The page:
It's about a week into 2018, which means many people have already given up on their New Year’s resolutions, especially ones involving health and wellness. Even when motivation is plump with January resolve, pretty much everything seems more urgent than going to the gym: drinks with a friend you haven’t seen in five years, the new donut shop in the “the next next Williamsburg,” or that thing your boss asked you to do that you don’t have to do this instance but now that your alternative is going to the gym it seems like a good time to get ahead on work. Suddenly, your couch/bed/floor/low wooden stool feels extra comfortable when you’re wearing the sweats you put on to go to the gym.
Shana Schneider doesn’t tell people to rearrange their calendars to fit in hours at the gym. Instead, she shows us how to achieve our fitness goals without sacrificing the things we want to (and would rather) be doing.
Rather than forcing us to prioritize and cut from our schedules, she introduces the concept of “Fitstyle,” which she describes as “a behavior, design, or way of doing something that helps you uncover time for fitness where you didn’t know it existed.” Think leg lifts while you’re brushing your teeth, or squats while you’re waiting for your mac ‘n cheese to come out of the oven.
“It's all about bringing exercise into activities and tasks that we're already doing and creating a habit along the way!”
While Shana’s helping people with their goals, she’s been fulfilling one of her own. A few months ago, she quit her job to focus on her company, Fitstyle by Shana. I first met Shana three years ago when she was starting to build her audience and brand; I was working for a wellness company looking for partnerships that fit with our research on habit formation. This fall, we reconnected to talk about what she’s been up to since then and her views on entrepreneurship.
What insights have you gained about your business since we last talked?
The first is the name of the company: it was originally Zoefit. I realized that people associate me with the term “Fitstyle”, and so when I said “Zoefit,” people got confused.
I’ve also had to accept that my image gets associated with the brand, as is typically the case with lifestyle companies. This used to feel weird, or vain, but there’s nothing wrong with putting yourself front and center for something you believe in. I’ve accepted that my person--who I am--is essential to the brand.
Big question: how do you define an entrepreneur?
Great question. I think there are a lot of connotations attached to the word “entrepreneur” these days, like “I wear jeans and a sport coat and I go big and I risk everything.” Like if what you’re starting isn’t big, it doesn’t count, but is that really true? Entrepreneurship is about taking risk, but it’s also about creating. If you’re starting a company, regardless of its size, you’re an entrepreneur. If you want to build something with a local scale, do it local.
So often, ventures are diminished as “side hustles” if they’re not big. Women especially have embraced this term. But in many cases, you’re starting a company. We don’t have to call it something cutesy and lessen what we’re doing.
Right, there’s often an association with “entrepreneur = founder of scalable tech company” while starting any other kind of company makes you less an “entrepreneur” and more of a “small business owner.”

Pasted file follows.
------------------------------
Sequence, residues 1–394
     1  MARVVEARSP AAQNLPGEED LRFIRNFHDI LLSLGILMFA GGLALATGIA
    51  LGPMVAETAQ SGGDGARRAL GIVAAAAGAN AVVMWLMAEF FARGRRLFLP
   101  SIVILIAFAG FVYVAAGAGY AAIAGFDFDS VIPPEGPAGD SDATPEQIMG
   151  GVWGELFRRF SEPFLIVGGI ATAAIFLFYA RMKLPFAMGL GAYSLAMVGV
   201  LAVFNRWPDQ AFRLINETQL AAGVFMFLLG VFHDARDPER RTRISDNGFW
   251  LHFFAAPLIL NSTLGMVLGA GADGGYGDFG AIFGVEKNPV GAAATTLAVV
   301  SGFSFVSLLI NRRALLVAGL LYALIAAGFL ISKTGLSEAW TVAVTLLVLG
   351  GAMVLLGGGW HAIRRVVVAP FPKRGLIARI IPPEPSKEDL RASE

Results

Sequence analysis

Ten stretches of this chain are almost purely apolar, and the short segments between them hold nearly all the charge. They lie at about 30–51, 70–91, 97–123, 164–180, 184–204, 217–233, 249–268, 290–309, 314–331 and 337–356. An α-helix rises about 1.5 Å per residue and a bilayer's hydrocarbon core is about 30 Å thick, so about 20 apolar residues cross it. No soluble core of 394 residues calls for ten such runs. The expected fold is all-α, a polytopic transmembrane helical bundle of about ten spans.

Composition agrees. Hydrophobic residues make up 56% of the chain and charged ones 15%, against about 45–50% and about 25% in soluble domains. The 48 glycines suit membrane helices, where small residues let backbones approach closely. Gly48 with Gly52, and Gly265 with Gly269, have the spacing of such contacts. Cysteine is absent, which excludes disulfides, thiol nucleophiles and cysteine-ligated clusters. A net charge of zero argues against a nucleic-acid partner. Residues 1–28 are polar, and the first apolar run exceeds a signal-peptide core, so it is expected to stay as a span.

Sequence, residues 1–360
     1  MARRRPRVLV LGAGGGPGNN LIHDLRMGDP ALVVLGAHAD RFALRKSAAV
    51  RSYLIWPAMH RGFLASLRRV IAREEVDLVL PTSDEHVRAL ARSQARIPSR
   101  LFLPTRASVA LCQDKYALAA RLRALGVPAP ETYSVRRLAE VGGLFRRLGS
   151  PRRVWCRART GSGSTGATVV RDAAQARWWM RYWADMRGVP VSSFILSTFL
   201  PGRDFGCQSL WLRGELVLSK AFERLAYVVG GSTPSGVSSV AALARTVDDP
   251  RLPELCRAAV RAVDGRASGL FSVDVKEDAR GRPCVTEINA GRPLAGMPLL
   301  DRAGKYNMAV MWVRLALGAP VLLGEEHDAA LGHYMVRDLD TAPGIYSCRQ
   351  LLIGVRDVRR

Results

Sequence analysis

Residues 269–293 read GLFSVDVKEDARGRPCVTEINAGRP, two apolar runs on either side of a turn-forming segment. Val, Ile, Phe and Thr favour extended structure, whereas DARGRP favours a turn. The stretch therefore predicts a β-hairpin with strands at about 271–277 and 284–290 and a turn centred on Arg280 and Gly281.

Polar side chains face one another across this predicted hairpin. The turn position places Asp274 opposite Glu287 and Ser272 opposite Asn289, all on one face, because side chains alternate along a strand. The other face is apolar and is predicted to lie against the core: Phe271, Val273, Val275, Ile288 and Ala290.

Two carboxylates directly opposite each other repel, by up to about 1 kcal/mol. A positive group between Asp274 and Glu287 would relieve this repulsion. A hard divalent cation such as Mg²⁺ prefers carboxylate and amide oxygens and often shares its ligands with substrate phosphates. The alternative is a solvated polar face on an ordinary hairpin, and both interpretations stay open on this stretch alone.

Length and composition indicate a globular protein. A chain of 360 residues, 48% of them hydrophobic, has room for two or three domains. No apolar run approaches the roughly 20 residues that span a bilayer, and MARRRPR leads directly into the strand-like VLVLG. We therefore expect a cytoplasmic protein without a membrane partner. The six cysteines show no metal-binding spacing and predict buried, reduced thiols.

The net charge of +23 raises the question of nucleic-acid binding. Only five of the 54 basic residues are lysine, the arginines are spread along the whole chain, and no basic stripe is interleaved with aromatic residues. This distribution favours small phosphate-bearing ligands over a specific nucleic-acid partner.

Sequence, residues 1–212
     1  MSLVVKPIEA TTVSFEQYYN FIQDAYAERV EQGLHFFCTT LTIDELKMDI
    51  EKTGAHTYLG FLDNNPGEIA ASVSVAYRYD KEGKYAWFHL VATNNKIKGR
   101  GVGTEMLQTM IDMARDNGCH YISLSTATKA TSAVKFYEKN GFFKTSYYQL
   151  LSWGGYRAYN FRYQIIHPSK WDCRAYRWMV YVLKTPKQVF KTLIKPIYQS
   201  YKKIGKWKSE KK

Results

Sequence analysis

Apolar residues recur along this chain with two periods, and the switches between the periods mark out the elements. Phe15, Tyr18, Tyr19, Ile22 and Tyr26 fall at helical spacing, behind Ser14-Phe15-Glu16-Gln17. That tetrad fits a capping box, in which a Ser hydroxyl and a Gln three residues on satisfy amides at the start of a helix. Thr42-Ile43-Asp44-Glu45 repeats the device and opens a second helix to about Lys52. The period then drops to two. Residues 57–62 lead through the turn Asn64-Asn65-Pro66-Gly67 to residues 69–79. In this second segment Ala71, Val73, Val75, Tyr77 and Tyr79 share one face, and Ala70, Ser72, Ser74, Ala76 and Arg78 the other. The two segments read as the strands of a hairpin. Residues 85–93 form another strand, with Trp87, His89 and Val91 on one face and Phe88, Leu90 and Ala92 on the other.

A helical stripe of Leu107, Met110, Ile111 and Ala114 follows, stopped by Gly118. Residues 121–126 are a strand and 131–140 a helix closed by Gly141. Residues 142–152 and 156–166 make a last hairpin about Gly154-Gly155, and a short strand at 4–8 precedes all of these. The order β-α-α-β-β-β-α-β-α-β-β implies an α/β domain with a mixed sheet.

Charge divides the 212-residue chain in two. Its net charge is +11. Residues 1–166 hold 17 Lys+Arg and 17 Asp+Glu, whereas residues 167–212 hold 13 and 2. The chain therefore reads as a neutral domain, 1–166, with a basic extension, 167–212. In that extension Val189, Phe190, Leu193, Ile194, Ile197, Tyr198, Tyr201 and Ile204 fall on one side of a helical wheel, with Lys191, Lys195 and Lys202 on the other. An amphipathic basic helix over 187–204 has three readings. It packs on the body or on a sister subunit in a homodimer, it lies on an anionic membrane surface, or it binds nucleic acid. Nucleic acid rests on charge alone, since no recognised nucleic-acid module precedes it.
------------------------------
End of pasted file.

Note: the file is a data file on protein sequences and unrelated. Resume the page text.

Exactly. Like here in New Haven, there’s a boutique called idiom that was started by a woman. That boutique has been so successful that, unlike a lot of tech companies, it stayed open during the recession and she’s opening a second store now. Does she get heralded as an entrepreneur? She absolutely is one, but do people say that, and if not, what’s holding them back?
There is definitely a gender bias in the contemporary vision and portrayal of an entrepreneur. Not just the vision actually--According to Fortune, venture capitalists granted women just 2% of money invested in 2016. It’s easy to create an association between the word “entrepreneur” and “male” when that’s who we see VCs invest in.
Right. To combat this, we have to be cognizant of how we introduce our friends, how we talk about these things. If a woman you know is starting a company, definitely introduce her to other people as an entrepreneur.
Another thing is that there are so many products we know of and use that are produced by women-led companies, yet we never know these women’s names. But a lot of people have heard of Travis Kalanick and Matt Salzberg, even though their companies are not as financially solvent as say, Spanx, which was founded by a woman named Sara Blakely.
Speaking of supporting women: when you decided to take your company full time, what role did partnership play in the transition?
My husband helped me sort through our life plan together. We sat down and went through you know, “here are our finances, if I quit my job, what do they look like, how much do we need to save up before I can quit, etc.” Two years ago, when this company had way less of a plan, we started saving, but my husband also gave me a lot of thoughtful pushback until I solidified a business model. He’s a real partner in this endeavor even if he’s not working directly on it. He also provides an emotional support that’s priceless. I’ve found that if you let it sink in, a good, honest hug can keep you from getting swallowed up by the trough of sorrow!
Shana Schneider is a sought-after fitness expert, and has been featured in national magazines, websites and fitness blogs including The Huffington Post, Scrumptious Moms, and Redbook. She has a recurring television segment on WTNH News 8 and has been seen on WTIC FOX-TV CT and Our Lives News 12 Connecticut. Follow her on YouTube and Instagram.
Cyndi Chen writes about jobs, women, and technology. She is currently pursuing her MBA at Yale University. Interests include human narratives, the brain, pop culture, art, and The Bachelor. Follow her on Twitter.